The iMac and iMac Pro are impressive computers that pack everything you need for video editing, web-browsing, and more into a clean package. The iMac Pro is clearly the more powerful of the two, but with Apple recently refreshing the higher end iMacs with newer processors and graphics cards, both machines are once again in the spotlight.
In this guide, we consider design, performance, and features to help make sense of the differences between the two.
Both the iMac and iMac Pro are made of aluminum and are designed as an all-in-one computing solution. It’s an iconic design that hasn’t changed much over the years, but it makes for one clean desk setup. The differences end there, though.
Looking at the just iMac, there’s a 21.5-inch and a 27-inch version available. The 21.5-inch version comes with a 4,096 x 2,304 resolution (4K) display, and all 27-inch versions come with a higher-end 5,120 x 2,880 (5K) resolution display. Which version you choose depends on how you’ll use your iMac, but both are visually impressive. Higher resolutions mean crisper images and resolution, ideal for content creators and photographers.
Moving to the iMac Pro, it exclusively comes in a 27-inch variant with a 5K resolution display. It also sports a unique Space Gray color which sets it apart from the silver color found on the rest of the lineup.
Alongside size differences, there’s also a lot under the hood that sets iMac and iMac Pro apart. Both the 4K and 5K iMacs come with the option for Intel’s 8th-generation processors. At $1,300, you can start with a four-core Intel Core i3 processor on the base 4K iMac model. For an extra $300 more, there’s a jump all the way up to a six-core Intel Core i7 processor.
On the $2,300 5K iMac, you can get up to a eight-core Intel Core i5 processor, pushing it close to the iMac Pro. Keep in mind, more cores mean for higher efficiency, so picking up an iMac with a six-core processor might be best for the long term to keep it future proof.
As for the iMac Pro, it comes with options for an Intel Xeon W processor with either 8, 10, 14, or 16 cores. Unlike what you can get on the 4K or 5K iMacs, this is a powerful workstation-class processor. Priced at $5,000 it is something designed for more serious professionals like designers and animators.
All entry models of 4K and 5K iMacs start with 8GB RAM, whereas the iMac Pro starts with a whopping 32GB of RAM. The types of storage are also different, with the iMac Pro starting with a faster solid-state-drive storage. In contrast, the 4K and 5K iMac’s start with a “fusion drive,” which combines a traditional spinning hard drive with flash storage.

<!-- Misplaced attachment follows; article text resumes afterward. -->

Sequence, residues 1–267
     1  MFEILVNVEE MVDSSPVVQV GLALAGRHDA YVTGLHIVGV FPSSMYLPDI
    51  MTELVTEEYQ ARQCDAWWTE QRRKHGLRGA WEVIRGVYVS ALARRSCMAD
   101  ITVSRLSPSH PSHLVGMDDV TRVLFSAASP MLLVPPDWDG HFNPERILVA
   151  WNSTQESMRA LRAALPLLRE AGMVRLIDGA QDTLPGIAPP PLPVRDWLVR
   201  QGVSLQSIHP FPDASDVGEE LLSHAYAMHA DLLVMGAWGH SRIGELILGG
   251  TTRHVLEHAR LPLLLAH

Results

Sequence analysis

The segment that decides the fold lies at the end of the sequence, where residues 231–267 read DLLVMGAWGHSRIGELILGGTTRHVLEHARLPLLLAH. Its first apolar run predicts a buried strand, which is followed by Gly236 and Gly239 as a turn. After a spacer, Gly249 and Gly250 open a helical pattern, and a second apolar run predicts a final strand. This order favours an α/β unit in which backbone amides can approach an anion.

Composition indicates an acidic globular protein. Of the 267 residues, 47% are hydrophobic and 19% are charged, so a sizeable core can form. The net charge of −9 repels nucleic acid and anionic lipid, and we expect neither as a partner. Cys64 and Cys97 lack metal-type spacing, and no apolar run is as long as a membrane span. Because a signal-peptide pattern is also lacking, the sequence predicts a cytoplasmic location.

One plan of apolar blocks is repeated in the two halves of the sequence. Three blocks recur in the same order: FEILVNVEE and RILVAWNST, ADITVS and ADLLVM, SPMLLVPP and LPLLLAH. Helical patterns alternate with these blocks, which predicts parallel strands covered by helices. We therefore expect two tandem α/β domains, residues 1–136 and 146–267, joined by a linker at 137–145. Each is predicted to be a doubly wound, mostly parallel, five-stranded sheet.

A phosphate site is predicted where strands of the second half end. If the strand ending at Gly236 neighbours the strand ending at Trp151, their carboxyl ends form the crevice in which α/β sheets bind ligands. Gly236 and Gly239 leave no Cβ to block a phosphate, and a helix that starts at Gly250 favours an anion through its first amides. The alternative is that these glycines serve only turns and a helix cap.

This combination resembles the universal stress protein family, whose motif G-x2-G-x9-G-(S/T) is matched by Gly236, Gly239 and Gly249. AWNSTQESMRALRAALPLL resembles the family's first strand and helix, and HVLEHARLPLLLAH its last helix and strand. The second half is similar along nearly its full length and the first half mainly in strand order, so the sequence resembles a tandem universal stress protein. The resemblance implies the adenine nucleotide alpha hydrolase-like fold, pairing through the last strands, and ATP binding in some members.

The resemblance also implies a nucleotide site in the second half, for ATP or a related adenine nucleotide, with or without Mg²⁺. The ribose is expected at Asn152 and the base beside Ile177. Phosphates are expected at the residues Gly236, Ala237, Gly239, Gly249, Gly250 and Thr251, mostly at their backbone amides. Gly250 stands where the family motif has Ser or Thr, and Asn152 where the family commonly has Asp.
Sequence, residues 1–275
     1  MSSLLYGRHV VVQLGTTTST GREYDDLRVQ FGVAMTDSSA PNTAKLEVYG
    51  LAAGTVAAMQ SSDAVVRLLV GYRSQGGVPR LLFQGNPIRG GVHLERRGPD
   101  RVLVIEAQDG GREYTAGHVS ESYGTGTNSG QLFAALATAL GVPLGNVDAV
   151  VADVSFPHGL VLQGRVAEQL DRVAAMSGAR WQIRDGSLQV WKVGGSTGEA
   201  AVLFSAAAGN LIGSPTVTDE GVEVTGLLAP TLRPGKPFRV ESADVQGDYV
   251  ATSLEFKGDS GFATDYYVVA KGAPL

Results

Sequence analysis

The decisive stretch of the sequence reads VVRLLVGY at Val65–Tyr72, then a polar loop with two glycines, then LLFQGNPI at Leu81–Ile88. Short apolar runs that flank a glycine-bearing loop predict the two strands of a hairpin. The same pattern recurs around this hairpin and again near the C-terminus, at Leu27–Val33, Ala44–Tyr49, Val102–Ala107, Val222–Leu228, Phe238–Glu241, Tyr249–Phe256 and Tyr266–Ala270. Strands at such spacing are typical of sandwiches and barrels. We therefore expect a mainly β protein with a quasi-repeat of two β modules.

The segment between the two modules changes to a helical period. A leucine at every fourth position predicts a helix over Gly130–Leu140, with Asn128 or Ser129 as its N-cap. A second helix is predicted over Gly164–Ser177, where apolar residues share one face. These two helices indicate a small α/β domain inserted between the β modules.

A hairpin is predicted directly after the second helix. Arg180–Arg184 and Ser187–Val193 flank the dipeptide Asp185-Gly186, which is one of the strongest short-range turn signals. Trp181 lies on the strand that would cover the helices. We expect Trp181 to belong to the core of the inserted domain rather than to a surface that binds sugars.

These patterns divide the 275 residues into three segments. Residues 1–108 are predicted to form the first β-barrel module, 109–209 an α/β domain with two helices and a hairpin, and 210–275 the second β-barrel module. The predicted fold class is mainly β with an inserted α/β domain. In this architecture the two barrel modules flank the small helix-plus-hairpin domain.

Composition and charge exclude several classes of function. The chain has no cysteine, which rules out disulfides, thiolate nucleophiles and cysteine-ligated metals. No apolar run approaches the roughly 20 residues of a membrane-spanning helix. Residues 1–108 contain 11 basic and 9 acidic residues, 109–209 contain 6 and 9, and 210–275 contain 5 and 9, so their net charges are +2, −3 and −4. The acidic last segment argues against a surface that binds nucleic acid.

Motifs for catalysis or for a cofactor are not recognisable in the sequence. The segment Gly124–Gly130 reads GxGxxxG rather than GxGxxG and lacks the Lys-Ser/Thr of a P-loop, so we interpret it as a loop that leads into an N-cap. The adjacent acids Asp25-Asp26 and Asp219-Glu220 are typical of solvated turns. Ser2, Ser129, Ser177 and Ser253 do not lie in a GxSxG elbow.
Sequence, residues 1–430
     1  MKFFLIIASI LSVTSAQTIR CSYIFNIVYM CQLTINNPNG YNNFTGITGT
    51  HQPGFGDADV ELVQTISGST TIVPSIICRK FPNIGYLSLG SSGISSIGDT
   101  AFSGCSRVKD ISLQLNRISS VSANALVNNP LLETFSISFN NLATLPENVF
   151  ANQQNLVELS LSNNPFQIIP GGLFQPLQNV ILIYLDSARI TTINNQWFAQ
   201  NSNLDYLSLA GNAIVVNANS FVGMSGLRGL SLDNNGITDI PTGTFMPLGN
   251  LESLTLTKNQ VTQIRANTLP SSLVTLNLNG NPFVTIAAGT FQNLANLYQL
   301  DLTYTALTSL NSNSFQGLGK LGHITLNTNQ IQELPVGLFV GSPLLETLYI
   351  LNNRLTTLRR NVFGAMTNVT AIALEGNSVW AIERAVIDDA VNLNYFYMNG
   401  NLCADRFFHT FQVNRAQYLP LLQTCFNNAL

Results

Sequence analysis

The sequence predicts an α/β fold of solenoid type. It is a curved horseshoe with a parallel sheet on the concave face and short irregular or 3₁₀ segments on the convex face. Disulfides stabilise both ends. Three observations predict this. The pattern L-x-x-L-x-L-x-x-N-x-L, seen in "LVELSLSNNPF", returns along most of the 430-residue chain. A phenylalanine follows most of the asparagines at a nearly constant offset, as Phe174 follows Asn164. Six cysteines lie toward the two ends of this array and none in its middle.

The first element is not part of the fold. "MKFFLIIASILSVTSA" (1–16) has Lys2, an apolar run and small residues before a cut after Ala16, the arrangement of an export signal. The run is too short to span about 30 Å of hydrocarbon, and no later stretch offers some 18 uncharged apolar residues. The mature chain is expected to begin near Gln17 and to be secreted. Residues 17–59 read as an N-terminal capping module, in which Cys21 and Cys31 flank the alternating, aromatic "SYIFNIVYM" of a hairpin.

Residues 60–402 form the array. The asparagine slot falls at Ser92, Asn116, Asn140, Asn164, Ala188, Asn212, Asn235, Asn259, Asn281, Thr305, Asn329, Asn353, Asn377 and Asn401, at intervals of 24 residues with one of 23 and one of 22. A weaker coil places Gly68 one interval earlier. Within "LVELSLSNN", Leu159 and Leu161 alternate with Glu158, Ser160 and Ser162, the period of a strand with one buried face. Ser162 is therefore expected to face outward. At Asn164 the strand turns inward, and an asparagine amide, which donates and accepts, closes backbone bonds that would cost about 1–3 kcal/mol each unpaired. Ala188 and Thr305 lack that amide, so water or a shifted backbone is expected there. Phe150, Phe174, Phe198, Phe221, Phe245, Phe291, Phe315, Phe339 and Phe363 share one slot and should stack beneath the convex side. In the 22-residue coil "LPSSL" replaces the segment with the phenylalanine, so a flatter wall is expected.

Coming down to the specifics, the base model of the Retina 4K iMac is still equipped with options for a slower 1TB hard drive. The highest-end models come with “fusion drive.” 5K iMac models also pack the “fusion drive,” but you can upgrade to a smaller sized 256 GB solid-state-drive for $100 on all models.
A unique element to the 5K and 4K iMacs is its dedicated graphics cards, which add extra power for video editing and content creation. Apple refreshed the graphics inside the 4K iMacs to the Radeon Pro 555X and the 560X, and the Vega 20. On the 5K iMacs, graphics range to the Radeon Pro 570 X, 575X, or 580X. These still aren’t the most powerful options, and only the Core i9 5K model of the iMac packs the option for the newer Radeon Pro Vega 48 graphics.
With the iMac Pro, it packs in options for up to the AMD Pro Vega 56, Vega 64, or Vega 64X. These graphics cards are far more capable and are for are serious of designers and professionals. The price is expensive too, with Vega 64 coming in at $550 extra, and Vega 64X coming in at an additional $700.
The iMac Pro also features Apple’s T2 co-processor. This is Apple’s custom silicon for Macs, and it enables new levels of security by integrating the controllers found across image signal processor, audio controller, and SSD controller.
Coming down to connectivity, 5K and 4K iMacs feature four USB-3 ports, an SDHC card slot, two Thunderbolt 3 ports, and an Ethernet jack. The iMac Pro, however, keeps the same variation but edges ahead with the addition of four Thunderbolt 3 ports.
The iMac is far more practical
If you’re choosing between these two desktop computers, chances are you in need of some serious power. Video editors, music producers, game developers, or graphic designers alike will all need to decide for themselves just how much power they need.
If rendering 8K video is part of the task, the 10 cores and extra graphical power of the iMac Pro might be tempting. For most everyone else, one of the mid-range iMacs should give you all the processing power you’ll need to accomplish your goals. It might not come in Space Grey, but it’s a far more practical option.